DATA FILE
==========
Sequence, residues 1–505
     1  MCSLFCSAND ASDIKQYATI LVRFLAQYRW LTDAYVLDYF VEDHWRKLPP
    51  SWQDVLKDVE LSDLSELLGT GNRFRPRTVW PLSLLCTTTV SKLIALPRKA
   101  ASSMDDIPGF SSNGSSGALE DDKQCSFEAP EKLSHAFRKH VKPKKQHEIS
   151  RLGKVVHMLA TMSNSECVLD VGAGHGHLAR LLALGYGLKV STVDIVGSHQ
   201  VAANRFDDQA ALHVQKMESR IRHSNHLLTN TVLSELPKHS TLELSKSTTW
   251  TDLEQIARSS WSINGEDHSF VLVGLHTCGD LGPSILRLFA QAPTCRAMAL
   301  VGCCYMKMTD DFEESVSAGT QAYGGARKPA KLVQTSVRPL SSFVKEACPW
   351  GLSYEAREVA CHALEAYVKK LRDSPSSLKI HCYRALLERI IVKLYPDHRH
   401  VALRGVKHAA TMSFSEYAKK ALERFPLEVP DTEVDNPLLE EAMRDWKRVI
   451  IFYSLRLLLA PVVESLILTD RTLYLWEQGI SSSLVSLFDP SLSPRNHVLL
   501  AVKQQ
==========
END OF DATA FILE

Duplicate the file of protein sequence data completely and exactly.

Sequence, residues 1–505
     1  MCSLFCSAND ASDIKQYATI LVRFLAQYRW LTDAYVLDYF VEDHWRKLPP
    51  SWQDVLKDVE LSDLSELLGT GNRFRPRTVW PLSLLCTTTV SKLIALPRKA
   101  ASSMDDIPGF SSNGSSGALE DDKQCSFEAP EKLSHAFRKH VKPKKQHEIS
   151  RLGKVVHMLA TMSNSECVLD VGAGHGHLAR LLALGYGLKV STVDIVGSHQ
   201  VAANRFDDQA ALHVQKMESR IRHSNHLLTN TVLSELPKHS TLELSKSTTW
   251  TDLEQIARSS WSINGEDHSF VLVGLHTCGD LGPSILRLFA QAPTCRAMAL
   301  VGCCYMKMTD DFEESVSAGT QAYGGARKPA KLVQTSVRPL SSFVKEACPW
   351  GLSYEAREVA CHALEAYVKK LRDSPSSLKI HCYRALLERI IVKLYPDHRH
   401  VALRGVKHAA TMSFSEYAKK ALERFPLEVP DTEVDNPLLE EAMRDWKRVI
   451  IFYSLRLLLA PVVESLILTD RTLYLWEQGI SSSLVSLFDP SLSPRNHVLL
   501  AVKQQ